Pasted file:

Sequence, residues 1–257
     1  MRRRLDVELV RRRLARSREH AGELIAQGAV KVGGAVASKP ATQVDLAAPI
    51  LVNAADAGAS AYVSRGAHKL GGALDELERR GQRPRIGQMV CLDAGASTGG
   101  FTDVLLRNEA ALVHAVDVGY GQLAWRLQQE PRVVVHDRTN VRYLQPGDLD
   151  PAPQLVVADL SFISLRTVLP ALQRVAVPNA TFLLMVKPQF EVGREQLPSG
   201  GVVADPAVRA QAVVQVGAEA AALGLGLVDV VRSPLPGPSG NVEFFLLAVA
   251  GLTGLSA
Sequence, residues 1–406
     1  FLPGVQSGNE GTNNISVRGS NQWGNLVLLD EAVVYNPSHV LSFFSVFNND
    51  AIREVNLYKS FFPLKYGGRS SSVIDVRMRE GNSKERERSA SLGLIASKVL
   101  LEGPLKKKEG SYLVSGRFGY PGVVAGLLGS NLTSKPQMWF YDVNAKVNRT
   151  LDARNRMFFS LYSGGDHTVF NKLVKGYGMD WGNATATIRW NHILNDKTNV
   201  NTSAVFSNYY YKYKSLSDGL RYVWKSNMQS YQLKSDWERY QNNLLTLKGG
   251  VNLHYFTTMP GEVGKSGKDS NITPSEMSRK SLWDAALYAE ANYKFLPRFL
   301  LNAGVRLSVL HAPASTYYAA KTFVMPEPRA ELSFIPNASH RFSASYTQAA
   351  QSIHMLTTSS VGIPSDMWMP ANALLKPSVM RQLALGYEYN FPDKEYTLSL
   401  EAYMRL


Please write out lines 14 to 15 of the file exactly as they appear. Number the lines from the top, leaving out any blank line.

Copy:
   251  VNLHYFTTMP GEVGKSGKDS NITPSEMSRK SLWDAALYAE ANYKFLPRFL
   301  LNAGVRLSVL HAPASTYYAA KTFVMPEPRA ELSFIPNASH RFSASYTQAA